Putinism with Chinese Characteristics
Since 2012, Chinese Communist Party Chairman Xi Jinping has consolidated more power than any Chinese leader since at least Deng Xiaoping. This consolidation of power has coincided with a growing cult of personality, which portrays Xi as “the right leader at the right time” for China.
Analyses of this cult often make comparisons to that of Mao Zedong, modern China’s founding figure, which dominated political culture in China until the late 1970s (China Brief, March 6, 2015). A reexamination of the evolution of the cult of personality around Xi, however, suggests that a far more appropriate point of comparison is with a more recent figure: Russian leader Vladimir Putin.
Tellingly, during a meeting between the two leaders in 2013, Xi commented to Putin that “I feel that our personalities are very similar” (Sohu News, March 25, 2013). Not only are their personalities similar, but Xi Jinping’s cult of personality and the propaganda around him is in fact largely modeled on Putin, with little original content of its own. These observations, furthermore, have implications for understanding state and popular nationalism in China today, as well as thinking through the world’s response to China’s rise: the combination of Putin-style bravado with the Chinese surveillance state and military is a potent and potentially dangerous combination.
Nationalist Politics and Xi Jinping
Nationalism has been the cornerstone of state legitimacy in China since 1989, projecting simmering frustrations outwards. Although operationalized to rescue the Party-state’s reputation after Tiananmen by representing the Party as the people’s protector, nationalism remains an emotionally charged and unpredictable ideology. There has thus been a longstanding risk that state cultivated nationalism could spin out of state control. When nationalism serves as a primary source of legitimacy, failure to fully embody nationalist ideals can be delegitimizing.
The recent strident turn in domestic and foreign policy, however, removes such risks by placing the Chinese state under Xi at the forefront of nationalist provocation. With the ADIZ in the Senkakus and the construction of military bases in the South China Sea, and with border confrontations with India and aggressive pressure campaigns against South Korea and Taiwan, the once seemingly pragmatic Chinese state, carefully biding its time, is now clearly taking the lead in non-pragmatic policy decisions. And reports indicate that many of these provocative decisions have been made directly by one man: Xi Jinping (Study Times, July 28).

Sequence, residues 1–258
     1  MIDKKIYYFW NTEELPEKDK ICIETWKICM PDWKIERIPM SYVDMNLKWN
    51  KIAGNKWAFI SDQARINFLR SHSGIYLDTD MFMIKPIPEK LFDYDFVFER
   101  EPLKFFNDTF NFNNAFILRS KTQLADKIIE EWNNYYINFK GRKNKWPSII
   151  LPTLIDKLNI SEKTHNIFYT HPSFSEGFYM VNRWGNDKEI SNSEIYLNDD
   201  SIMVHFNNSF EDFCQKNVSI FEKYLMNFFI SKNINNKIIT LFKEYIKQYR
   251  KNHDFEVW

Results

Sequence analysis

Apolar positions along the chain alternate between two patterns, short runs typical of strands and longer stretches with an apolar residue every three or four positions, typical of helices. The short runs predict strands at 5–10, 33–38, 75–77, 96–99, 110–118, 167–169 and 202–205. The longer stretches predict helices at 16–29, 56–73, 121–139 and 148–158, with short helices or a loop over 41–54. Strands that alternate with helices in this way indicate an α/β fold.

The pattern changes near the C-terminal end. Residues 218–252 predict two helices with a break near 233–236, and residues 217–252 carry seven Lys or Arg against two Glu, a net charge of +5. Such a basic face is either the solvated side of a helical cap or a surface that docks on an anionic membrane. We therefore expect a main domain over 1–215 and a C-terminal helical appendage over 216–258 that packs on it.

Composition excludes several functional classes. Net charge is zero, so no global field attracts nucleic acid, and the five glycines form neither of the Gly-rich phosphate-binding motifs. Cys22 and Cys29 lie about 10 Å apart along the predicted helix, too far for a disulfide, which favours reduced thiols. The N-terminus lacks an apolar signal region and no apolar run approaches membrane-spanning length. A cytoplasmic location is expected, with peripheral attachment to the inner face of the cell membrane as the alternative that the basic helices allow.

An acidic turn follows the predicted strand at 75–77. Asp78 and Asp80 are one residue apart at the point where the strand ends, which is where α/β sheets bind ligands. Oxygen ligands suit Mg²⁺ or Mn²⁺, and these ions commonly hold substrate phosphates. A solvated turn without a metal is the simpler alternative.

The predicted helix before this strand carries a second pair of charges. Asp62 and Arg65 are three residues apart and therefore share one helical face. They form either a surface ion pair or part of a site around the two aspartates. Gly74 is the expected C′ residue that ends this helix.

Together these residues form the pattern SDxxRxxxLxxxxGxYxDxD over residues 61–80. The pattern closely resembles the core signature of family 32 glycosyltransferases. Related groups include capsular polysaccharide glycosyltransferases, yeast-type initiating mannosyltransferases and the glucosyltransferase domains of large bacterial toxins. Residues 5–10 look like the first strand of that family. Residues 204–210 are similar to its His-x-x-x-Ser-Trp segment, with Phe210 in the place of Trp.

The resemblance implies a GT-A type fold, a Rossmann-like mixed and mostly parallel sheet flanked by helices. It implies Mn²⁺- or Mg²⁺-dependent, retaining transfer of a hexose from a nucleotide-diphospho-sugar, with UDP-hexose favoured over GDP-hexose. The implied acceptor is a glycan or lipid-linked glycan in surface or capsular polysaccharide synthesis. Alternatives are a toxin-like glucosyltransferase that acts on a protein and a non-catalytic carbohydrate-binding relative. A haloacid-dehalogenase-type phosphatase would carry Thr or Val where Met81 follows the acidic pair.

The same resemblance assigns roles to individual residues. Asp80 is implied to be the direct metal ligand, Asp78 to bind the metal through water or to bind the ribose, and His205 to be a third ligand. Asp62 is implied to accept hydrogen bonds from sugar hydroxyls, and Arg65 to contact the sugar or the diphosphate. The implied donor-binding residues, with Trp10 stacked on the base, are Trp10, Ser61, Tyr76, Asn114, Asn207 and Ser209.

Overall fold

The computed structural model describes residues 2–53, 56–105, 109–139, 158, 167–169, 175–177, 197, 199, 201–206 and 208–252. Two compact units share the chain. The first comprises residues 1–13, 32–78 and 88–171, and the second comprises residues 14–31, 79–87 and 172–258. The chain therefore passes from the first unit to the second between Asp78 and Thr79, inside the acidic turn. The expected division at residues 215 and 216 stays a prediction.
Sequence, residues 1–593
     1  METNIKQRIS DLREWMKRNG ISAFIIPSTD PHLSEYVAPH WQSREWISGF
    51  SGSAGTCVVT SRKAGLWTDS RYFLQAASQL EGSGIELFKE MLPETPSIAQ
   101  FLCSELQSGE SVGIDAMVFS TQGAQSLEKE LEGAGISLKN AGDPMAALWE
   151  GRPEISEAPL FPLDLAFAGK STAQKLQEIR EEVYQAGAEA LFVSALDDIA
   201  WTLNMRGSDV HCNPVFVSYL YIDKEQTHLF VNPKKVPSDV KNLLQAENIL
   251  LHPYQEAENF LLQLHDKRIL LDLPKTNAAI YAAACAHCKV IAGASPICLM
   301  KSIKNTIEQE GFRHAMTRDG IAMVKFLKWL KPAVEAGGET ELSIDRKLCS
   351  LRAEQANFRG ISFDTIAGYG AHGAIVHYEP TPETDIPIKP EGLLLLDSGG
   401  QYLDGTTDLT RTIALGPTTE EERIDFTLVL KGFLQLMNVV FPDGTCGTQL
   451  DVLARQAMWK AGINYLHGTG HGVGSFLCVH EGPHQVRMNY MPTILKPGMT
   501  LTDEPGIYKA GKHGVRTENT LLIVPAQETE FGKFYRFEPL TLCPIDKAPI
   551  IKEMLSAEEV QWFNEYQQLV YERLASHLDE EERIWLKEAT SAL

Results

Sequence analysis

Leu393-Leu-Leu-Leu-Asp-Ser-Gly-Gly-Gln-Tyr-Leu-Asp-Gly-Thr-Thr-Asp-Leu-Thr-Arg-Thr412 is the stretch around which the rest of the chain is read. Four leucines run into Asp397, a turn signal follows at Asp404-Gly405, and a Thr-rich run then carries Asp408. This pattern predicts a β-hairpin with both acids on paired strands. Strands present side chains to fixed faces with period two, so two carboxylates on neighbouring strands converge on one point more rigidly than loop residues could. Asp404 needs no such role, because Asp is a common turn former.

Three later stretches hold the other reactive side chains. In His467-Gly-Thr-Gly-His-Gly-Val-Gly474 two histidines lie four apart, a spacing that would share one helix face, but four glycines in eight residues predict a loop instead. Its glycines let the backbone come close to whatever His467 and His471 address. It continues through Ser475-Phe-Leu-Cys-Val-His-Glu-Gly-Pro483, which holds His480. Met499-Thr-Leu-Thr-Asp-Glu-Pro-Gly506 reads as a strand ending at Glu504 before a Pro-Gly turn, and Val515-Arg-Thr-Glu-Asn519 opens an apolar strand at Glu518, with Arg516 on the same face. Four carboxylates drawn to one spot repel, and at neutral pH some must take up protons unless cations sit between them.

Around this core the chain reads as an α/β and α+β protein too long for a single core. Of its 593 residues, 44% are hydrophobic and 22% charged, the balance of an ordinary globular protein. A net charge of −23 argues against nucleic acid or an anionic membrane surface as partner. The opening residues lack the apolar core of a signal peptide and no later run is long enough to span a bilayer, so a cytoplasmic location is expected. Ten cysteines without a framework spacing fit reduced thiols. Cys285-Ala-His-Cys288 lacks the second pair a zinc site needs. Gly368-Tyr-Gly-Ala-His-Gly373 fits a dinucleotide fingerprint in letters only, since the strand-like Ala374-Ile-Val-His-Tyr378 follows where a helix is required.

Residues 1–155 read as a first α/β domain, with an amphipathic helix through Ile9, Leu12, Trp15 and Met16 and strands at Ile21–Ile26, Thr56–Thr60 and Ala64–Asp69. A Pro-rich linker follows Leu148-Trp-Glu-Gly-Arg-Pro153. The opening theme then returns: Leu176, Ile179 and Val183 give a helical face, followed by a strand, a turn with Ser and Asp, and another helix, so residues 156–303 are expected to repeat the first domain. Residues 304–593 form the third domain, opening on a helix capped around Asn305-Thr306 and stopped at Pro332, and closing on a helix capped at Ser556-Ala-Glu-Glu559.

Even when most international commentators were still caught in a China fantasy of Xi as a closet reformer busily consolidating power to implement political reform, many popular nationalists recognized him and his China dream as one of their own (Caijing News, October 16, 2014). Supportive of, yet having a difficult time getting excited about earlier “low-energy” leaders like Hu Jintao, China’s outspoken nationalists have now found their man in Xi.
Yet even as the misplaced vision of Xi as reformer fades away, many commentators are still interpreting Xi primarily in comparison with Mao. Such comparisons, however, provide easy ammunition for apologists eager to normalize Xi’s reign. After all, despite the continual retrogression in the political, cultural, and social fields in China in recent years, we are still far removed from the political terror and mass starvation of the Maoist era.
A far more apt point of comparison, and indeed the main source of inspiration for the cult of Xi, can be found instead in the cult of Putin.
From Post-Soviet Chaos to Putin’s Power
“The Soviet Union’s today is our tomorrow.” In the six decades since its first articulation, this Mao-era slogan has served as a source of both promise and anxiety.
From 1991, the collapse of the Soviet Union has been portrayed in China as a tragedy to be avoided: destabilization, uncertainty, and chaos contrast with the stability and rapid economic growth realized in China during those years under the Party’s leadership (People’s Daily, December 12, 2014). Only with Putin’s rise to power and the attendant return to authoritarianism has the tone of reports shifted, representing Putin as a strong, decisive leader who realizes stability and thus prosperity for his people while also standing up defiantly against “the west” (People’s Daily, September 7, 2005).